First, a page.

I opened my daughter’s backpack last Friday to an explosion of purple, green and gold. ‘Tis the season for Carnival and Valentine’s Day, which means that my walls and refrigerator will be decorated with the latest and greatest seasonal art for the next two weeks. But how interesting that red and pink adorn the hearts and cherubs that I see. Is that my daughter’s choice or someone else’s? What about your children? When they express interest in painting or coloring a heart, do you instantly take out the red or pink markers or is there a choice?

Whether art projects or open-ended exploration, allowing children to make choices during playtime leads to greater flourishing. Parents need to take a step back, become less directive and let go of the need to control. Your child will not be doomed to a life of failure if she takes the top off of the shape sorter and puts all of the blocks inside or the doll baby is wearing shorts on its head.

You may feel the need to direct, correct, or show them the “right” way, but by doing so, you are stifling creativity and exploration. Parents who are highly directive make the decisions about how to play, what to play and how quickly to play. As a result, their children harbor negative feelings, especially if the parent is not affectionate. The child may think that they are being controlled, which doesn’t sit well with any child OR adult for that matter!

Children hear us nibbling at their ears all day long… pick up your toys, brush your hair, get dressed, buckle up. Isn’t playtime the one time during the day when we can parachute out of our helicopters and allow for more choice? They don’t need us hovering. They need time to be creative and imaginative.Here are three easy things that you can do to ensure a pleasant, choice-filled play experience for your child:

  1. Allow for symbolic play. Children use play as a way to make sense of the world and experiment with different social roles. If the firefighter is wielding a spatula instead of a fire extinguisher, let it go! This may be a difficult one for parents who want things clean, orderly and put in the proper place, but you will be giving your children time to explore, master their environment, build competence and work out social norms.
  2. Find different paint colors. I see this in a lot of classrooms I visit. The art project is to marble paint a heart, so the teacher puts out pink and red. What if your child wants to make a black heart? Allow choice. When your child expresses an interest in coloring or painting, make sure that you offer a wide range of color choices.
  3. Look for loose ends. It’s not the most expensive toy, but the crinkliest wrapping paper that is most fascinating to young children! They love to play with loose ends — items that don’t have a specific purpose. Fill a bin with shoelaces, scarves, bottle caps, buttons, rocks or king cake babies and let the kids play. When children play with toys that only have one function (press the button and Elmo laughs), play ends more quickly.

Choice builds autonomy – one of the essential ingredients to psychological fulfillment. Feed your child’s brain today by giving them choice at playtime.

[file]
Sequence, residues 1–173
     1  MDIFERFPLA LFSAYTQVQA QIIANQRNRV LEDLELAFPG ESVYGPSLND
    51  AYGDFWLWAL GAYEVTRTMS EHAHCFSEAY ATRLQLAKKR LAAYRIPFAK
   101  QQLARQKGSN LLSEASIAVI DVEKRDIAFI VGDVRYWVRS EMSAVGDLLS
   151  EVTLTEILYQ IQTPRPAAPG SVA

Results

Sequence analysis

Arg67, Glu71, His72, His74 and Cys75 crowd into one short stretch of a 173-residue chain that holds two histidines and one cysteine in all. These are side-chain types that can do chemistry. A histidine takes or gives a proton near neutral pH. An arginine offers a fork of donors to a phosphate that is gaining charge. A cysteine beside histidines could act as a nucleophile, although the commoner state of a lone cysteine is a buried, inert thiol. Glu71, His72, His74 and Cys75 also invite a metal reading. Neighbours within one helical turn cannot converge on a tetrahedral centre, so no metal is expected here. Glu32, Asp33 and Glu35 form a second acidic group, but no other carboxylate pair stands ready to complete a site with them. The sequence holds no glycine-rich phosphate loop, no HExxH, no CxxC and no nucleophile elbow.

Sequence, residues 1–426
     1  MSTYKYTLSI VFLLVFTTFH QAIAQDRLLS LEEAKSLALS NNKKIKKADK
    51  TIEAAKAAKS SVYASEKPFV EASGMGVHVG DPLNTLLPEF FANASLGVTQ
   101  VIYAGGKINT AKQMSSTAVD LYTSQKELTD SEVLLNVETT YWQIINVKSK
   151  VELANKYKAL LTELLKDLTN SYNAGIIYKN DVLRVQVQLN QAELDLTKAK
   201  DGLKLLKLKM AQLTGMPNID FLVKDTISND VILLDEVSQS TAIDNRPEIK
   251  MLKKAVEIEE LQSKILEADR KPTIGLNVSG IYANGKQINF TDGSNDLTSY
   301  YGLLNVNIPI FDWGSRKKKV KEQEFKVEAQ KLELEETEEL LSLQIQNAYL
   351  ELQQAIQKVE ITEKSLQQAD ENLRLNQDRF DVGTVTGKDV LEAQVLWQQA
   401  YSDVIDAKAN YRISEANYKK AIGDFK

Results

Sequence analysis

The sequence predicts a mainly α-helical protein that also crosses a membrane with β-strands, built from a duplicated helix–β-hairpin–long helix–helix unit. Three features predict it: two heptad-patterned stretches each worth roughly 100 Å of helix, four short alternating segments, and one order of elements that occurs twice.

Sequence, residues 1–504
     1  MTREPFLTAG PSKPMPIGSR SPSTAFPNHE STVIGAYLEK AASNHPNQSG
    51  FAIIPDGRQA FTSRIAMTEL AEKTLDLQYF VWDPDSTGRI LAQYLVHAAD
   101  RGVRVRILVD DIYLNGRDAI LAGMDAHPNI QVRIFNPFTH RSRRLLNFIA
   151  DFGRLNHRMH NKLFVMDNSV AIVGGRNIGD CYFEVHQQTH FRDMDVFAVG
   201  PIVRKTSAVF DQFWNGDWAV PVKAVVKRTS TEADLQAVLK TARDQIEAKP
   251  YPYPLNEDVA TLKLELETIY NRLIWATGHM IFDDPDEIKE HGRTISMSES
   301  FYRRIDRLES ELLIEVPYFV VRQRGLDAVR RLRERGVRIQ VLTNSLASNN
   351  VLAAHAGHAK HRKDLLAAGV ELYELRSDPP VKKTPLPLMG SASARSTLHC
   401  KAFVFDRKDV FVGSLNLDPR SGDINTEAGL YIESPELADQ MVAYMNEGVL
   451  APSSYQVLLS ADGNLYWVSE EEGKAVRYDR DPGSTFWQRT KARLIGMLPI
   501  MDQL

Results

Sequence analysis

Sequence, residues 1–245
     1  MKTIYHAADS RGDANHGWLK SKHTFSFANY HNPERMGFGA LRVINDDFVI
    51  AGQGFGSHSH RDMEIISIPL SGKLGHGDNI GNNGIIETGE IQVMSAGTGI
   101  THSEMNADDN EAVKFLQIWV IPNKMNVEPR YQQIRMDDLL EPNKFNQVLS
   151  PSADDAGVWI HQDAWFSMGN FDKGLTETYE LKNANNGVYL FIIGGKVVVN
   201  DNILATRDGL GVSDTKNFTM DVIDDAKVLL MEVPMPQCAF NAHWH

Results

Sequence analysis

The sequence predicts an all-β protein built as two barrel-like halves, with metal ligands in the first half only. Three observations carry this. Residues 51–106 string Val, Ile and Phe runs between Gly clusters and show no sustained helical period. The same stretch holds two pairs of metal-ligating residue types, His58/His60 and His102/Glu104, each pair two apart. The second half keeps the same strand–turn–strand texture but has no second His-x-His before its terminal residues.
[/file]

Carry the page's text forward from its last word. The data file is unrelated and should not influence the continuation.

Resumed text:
Comment and let me know your ideas for flourishing play!

hope stone new orleans hosts “studio 54” gala to raise funds for free arts education.

Hope Stone New Orleans is hosting Disco for Dance! gala event on April 20, 2013, from 6 – 10 pm at NOLA Spaces for community members interested in ensuring that art is accessible for all. The organization aims to raise $10,000 to provide scholarships for New Orleanian youth to participate in the Hope Stone Kids New Orleans arts program at NOLA Spaces, the renovated firehouse located at 1719 Toledano.

Festivities will begin at 6 pm with an cocktail reception where guests, who are encouraged to come in “Studio 54” and disco costumes, will have the opportunity to explore the new facility and enjoy hors d’oeuvres and beer and wine from local restaurants. Following the reception, Hope Stone New Orleans will offer a Hustle Dance Lesson to all guests. The DJ will spin disco favorites for guests who are ready to get out on the floor and dance.

Throughout the night, raffle girls dressed in “raffle ticket fringe” costumes will be selling tickets to two separate raffles – the “Nothing Raffle,” which will consist of buying as many tickets as possible to get the girls to the point where there’s “nothing” left, as well as the “Something Raffle,” where a $20 raffle ticket could win a guest a mini iPAD! Winners will be announced at 9:30 pm, followed by a very special surprise revelation.

General tickets are $75. VIP packages are $250 and include a red carpet entrance, a makeup session with a fabulous guest makeup artist for a photo shoot with a professional photographer, specialty cocktails crafted by a certified mixologist, and a customized Studio 54 take home gift featuring an original piece of art by a Hope Stone student. For the price of a VIP ticket, one child will receive a full 15-week program scholarship.

For information or to purchase tickets, please contact Dana Reed at or call (504) 390-8399



Hope Stone New Orleans is an extension of the national Houston-based Hope Stone, Inc., a non-profit organization founded in 1997 in Houston that unlocks the innate creativity of young people and adults and is committed to providing art for all and expanding boundaries through engaging artistic experiences. Hope Stone entered the New Orleans market in 2010, originally as Kid’s Play New Orleans and later as Hope Stone Kids New Orleans, then grew the organization to include adult programming and children’s (paid) classes at the organization’s new headquarters at NOLA Spaces, and therefore transitioned to the name Hope Stone New Orleans. Children’s classes are for ages 3 – 17 and include creative movement, ballet, hip hop, theater and modern dance. Adult classes for those over 18 include modern dance and ballet.